When it comes to relationships with certain people, like bosses, teachers, or older family members, social networking sites have a way of complicating things. I remember when Facebook just arrived on the scene in the fall of 2005. I was in my senior year of undergraduate study. As a naturally rather private person, I was tentative with my Facebook account at first, but I enjoyed the opportunity to connect with my current and former classmates in a new way. If you’ll remember, at the time Facebook was exclusively for those with a college email, whether students, faculty, or administrators. My suite mate expressed shock when she found several professors with Facebook accounts. Fast forward several years, said suitemate is now a middle-school teacher. Facebook is now open to anyone, and there are several other popular social networking sites, from Twitter to Myspace. So should teachers and students be Facebook (or Myspace, Twitter, etc.) friends?
Some people hold the view that the professional and personal realms should remain strictly separated. However, a 2007 experimental study by Joseph Mazer found that high-levels of self-disclosure on teacher’s Facebook profiles actually contributed to increased student motivation and a positive classroom climate. While privacy and boundary-setting remain important in the digital age, this study suggests that students and teachers connections on Facebook can bring about positive effects in the classroom. The personalization of Facebook can help students see their teachers as more fully human, and this may actually have a positive effect on students’ academic success. The study was conducted on college students, however, and Facebook, Myspace, and the like may not be the best way for high-schoolers and their teachers to connect.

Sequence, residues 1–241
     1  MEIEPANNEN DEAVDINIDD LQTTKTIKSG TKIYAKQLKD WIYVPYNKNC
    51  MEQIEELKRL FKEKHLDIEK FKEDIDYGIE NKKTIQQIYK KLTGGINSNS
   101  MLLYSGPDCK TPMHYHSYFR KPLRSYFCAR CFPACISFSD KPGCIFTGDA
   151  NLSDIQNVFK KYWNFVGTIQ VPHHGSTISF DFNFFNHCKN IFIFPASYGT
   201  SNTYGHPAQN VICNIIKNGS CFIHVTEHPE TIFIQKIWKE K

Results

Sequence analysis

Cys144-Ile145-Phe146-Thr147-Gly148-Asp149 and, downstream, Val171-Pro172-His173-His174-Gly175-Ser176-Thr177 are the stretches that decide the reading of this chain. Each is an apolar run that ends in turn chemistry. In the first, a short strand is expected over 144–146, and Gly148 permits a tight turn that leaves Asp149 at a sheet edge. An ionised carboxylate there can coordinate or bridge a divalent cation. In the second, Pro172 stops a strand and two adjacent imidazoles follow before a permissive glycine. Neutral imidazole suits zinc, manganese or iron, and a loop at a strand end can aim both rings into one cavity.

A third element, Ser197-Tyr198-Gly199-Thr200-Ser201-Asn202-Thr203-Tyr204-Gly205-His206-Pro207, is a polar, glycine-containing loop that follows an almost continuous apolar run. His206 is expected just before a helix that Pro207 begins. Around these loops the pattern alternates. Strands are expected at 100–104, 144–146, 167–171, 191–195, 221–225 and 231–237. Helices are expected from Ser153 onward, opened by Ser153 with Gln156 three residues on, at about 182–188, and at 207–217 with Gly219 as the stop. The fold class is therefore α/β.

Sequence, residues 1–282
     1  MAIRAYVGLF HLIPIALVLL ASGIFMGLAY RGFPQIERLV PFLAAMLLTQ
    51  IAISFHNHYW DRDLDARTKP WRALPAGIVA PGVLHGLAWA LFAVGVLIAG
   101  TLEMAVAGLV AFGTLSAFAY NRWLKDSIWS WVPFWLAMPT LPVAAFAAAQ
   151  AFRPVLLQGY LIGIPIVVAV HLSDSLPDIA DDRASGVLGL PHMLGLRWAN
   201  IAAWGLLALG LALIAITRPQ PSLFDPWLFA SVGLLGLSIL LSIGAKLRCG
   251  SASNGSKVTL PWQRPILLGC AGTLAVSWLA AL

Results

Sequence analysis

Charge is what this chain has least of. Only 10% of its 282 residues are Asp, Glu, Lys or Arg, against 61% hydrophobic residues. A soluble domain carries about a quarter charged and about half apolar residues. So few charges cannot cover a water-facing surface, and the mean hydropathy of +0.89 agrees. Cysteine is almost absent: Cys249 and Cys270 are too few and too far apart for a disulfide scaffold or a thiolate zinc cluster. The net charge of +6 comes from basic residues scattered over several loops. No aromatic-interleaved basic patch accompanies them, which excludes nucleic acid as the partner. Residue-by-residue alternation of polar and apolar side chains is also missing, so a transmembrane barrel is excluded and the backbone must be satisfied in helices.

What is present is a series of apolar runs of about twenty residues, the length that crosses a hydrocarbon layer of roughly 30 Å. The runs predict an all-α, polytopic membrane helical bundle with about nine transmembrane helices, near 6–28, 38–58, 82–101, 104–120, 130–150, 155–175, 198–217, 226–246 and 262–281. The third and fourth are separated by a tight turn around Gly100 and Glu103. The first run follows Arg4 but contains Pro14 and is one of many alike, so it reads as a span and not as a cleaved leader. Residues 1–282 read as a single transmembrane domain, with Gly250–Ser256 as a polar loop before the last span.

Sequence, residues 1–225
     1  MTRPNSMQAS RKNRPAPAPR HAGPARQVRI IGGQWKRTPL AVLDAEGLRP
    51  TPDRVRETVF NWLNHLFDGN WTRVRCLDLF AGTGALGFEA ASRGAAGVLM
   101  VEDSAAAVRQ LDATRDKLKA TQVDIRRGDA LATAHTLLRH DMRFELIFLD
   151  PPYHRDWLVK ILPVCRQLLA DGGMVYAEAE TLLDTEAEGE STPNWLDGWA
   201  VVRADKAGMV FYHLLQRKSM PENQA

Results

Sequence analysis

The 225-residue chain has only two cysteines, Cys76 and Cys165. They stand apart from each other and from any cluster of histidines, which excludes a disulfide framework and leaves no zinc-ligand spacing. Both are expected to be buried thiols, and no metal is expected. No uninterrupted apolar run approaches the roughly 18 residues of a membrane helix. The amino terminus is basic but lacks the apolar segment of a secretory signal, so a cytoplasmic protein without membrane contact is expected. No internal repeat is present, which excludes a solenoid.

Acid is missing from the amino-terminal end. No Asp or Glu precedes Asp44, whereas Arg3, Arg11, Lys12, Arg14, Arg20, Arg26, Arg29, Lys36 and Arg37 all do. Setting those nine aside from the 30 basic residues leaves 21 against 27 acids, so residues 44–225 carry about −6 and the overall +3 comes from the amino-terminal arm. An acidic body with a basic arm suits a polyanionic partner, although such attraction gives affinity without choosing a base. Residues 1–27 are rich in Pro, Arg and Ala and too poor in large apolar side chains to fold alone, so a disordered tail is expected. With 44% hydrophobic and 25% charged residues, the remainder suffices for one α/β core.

As a graduate student in Communication, I have experienced firsthand how technology and specifically social media are changing the face of the classroom, I recently took a course entitled “Digital Technology.” My classmates and professor formed a blog through which we expanded upon issues discussed in class. My graduate program also has slowly growing pages on Twitter and Facebook. Again, this is at the graduate level, in a field noted for its progressive embracing of new technologies. Utilizing Facebook in high school classrooms is not quite the same thing. And even as someone immersed in the field of Communication, I remain cautious about “friending” my professors, again likely due to the aforementioned private nature.
So how should teachers interact with their students on Facebook, etc., if at all? I believe that teachers from the high school through graduate school level, can benefit from being Facebook “friends” with their current and former students. Facebook might help a professor better connect with a large and impersonal lecture hall class. Or it may reconnect you with an old former teacher and coach. Some caution is in order, however. No one wants to see her students’ – or teacher’s – drunken spring break photos. Utilize Facebook’s privacy settings, and remember that the site does allow you to customize these settings for everything you post. And use common sense! But when your students friend you on Facebook, go ahead and accept. It may not be the kind of student-teacher interaction you are used to, but social networking is the future!
Mazer, J. , Murphy, R. , & Simonds, C. (2007). I’ll see you on “facebook”: The effects of computer-mediated teacher self-disclosure on student motivation, affective learning, and classroom climate Communication Education, 56(1), 1-17.